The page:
Dressed in a black country and western shirt decorated with stitching, stars and a dancing skeleton shooting a pistol into the air, Tim Duffy is a fount of enthusiasm when it comes to Luke and Macavine.
“Captain Luke really helped me out a lot when I was trying to get this started,” Duffy says. “Guitar Gabriel was a real bluesman, living in the depths of poverty. Some of the families didn’t want it to happen. In the drink houses it was tough. People would slam doors in my face. Captain Luke took me around.
“He’s the guy with the car that’s giving rides to the working ladies, the cleaners,” Duffy continues. “Let’s say he’s just respected in the community.”
He adds later: “Captain Luke is only making four to six thousand dollars a year through Social Security, but he’s always taking in homeless people and shuffling ’em around to keep ahead of the housing authority. I’ve learned a lot about how to get things done from him.”
He can go on for hours about these guys, Duffy says.
“Mac is one of those great individuals; he’s always laughing and always smiling,” Duffy says. “He speaks in this old American dialect. It’s sometimes hard to understand at first. His father’s a Seminole. He’s from way down near Key West. He has this real store of agricultural knowledge. He plays raw juke blues.”
He smiles openly with full cheeks in a way that makes his pride evident as he mentions that Macavine Hayes has been booked to play the New Orleans Jazz & Heritage Festival in April, and Captain Luke has a record out in France that has sold about 5,000 copies.
“Don’t you think he has a great baritone?” Duffy proclaims of Luke. “His voice is really dry. He’s one of the greatest baritones alive. He’s like Brook Benton. Now Brook is no longer alive, so Luke is the best.”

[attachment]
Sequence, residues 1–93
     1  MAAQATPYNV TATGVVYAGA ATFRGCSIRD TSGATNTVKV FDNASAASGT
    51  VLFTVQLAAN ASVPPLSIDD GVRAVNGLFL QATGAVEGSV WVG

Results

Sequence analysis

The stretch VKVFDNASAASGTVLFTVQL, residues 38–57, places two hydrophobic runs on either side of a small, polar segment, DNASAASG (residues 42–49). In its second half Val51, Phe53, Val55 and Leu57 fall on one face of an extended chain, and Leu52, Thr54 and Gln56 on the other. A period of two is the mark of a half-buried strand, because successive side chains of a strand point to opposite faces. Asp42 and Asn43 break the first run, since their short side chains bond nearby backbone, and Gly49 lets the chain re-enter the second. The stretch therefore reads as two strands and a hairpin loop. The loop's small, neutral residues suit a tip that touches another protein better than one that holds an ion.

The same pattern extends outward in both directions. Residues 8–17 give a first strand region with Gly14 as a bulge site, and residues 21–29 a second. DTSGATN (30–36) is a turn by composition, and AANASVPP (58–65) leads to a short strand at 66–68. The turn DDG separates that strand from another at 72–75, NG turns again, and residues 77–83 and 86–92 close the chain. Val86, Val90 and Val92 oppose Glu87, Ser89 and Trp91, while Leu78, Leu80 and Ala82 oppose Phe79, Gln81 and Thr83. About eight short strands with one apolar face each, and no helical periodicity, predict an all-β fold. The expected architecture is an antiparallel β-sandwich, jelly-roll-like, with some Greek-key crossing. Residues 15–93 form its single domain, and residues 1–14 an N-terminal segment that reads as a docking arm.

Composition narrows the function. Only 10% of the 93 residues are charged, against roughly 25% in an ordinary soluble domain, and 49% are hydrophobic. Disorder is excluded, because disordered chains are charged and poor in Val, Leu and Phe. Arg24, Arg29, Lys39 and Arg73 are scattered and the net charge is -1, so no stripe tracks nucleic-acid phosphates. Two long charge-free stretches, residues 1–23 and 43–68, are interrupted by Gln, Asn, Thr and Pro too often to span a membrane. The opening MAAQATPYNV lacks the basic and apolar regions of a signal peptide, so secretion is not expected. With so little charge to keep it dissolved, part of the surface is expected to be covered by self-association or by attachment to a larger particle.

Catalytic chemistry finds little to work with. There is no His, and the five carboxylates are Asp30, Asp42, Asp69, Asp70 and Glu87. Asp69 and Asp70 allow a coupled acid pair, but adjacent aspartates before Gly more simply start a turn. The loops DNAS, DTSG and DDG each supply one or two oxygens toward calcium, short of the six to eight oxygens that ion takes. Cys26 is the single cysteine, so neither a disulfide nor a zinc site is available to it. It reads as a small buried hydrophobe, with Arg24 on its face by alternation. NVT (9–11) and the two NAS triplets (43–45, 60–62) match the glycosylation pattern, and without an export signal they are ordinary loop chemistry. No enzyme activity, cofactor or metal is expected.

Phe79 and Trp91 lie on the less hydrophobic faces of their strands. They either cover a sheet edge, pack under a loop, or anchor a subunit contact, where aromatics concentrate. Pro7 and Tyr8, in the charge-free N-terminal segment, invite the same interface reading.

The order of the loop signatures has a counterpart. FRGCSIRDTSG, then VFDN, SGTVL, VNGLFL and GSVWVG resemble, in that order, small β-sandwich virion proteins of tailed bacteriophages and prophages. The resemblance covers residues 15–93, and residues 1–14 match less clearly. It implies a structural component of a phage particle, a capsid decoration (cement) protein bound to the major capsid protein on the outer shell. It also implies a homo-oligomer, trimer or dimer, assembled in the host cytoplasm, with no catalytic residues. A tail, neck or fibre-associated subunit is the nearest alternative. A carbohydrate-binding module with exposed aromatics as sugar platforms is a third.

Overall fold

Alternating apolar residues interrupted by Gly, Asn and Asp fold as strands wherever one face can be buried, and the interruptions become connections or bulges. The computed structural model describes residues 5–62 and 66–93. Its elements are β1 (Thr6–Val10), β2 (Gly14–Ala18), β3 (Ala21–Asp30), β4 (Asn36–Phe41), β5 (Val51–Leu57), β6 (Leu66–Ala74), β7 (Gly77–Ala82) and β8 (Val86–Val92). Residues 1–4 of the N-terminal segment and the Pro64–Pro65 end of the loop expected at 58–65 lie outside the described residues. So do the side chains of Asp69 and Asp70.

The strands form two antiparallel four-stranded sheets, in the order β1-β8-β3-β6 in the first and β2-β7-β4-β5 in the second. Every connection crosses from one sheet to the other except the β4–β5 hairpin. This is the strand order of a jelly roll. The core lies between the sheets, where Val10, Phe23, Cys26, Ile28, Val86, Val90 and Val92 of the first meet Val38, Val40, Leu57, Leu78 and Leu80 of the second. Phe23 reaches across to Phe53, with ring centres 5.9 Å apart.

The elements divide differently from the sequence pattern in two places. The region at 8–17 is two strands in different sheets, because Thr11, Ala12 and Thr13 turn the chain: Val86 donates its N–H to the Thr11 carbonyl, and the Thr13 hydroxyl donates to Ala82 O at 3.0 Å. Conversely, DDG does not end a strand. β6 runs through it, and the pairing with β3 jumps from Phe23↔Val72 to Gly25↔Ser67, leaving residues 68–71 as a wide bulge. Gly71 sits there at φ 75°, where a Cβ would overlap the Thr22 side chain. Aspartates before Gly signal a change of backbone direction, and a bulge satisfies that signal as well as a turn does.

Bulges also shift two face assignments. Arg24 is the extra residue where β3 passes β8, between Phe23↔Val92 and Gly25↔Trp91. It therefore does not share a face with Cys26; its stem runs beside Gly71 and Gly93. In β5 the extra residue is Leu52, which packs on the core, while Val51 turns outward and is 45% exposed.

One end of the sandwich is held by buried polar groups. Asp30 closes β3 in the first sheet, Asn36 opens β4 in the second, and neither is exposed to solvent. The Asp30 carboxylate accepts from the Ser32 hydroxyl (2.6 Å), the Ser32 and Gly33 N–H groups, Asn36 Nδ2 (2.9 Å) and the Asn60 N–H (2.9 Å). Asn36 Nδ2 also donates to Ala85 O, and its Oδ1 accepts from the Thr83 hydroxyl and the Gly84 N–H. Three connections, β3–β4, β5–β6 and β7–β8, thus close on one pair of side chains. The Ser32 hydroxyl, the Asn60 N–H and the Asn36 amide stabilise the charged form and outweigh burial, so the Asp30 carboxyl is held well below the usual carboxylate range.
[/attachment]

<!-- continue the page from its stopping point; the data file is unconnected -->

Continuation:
Luke and Macavine stake out contrasting styles of music. They’re bound by friendship first, and then by their broad eclecticism and refusal to adhere to conventions of standard Chicago blues.
“Luke does a real sophisticated blues,” Duffy says. “Mac is on the opposite end of the spectrum. He’s like where rock and roll and blues meet. Luke and Mac, they go real hard. They could outlast Janis Joplin. It’s nothing for them to stay up three days straight.”
Soon Ron Hunter is playing and singing. Macavine shimmies on the dance floor pointing and smiling with at Hunter. It’s not long before Macavine is sitting behind a microphone and trading vocals with the younger bluesman. Captain Luke joins them after awhile. He eases into the music tapping his cane in rhythm long before he sings a note.
Then, with Duffy accompanying him on guitar, Luke sings the Muddy Waters standard “King Bee” and his version of the traditional “Careless Love.” His thick fingers wrapped around the microphone, he caresses the vocal with a voice that seamlessly shifts from a frog-like rumble to an aching moan: “I said love, oh love, oh careless love, oh could you see, oh little girl could you see what careless love has done?”
Then he summons Macavine Hayes and Ron Hunter to the stage. The two rip into a raucous cover of Jimmy Reed’s “Big Boss Man.” Luke rises from his chair, plastic beer cup clasped between thumb and forefinger and cane clutched in the other hand, and dances with his hips swaying as he makes his way to the kitchen.
At the end of “Big Boss Man,” Macavine Hayes wants to keep playing. He continues with some ad-libbed lyrics and barrel-house acoustic guitar, then sets his instrument down. He staggers a little bit, walking away from the array of microphones. A white man with a smooth complexion that suggests a measure of financial security – much younger than Mac but old enough to have a kid in college – looks at the bluesman with concern.
“What do you need?” he asks.
“What do I need?” Macavine Hayes asks rhetorically. “The greater spirit, that’s all I need.”
“You got it,” the man says. “It’s already been given.”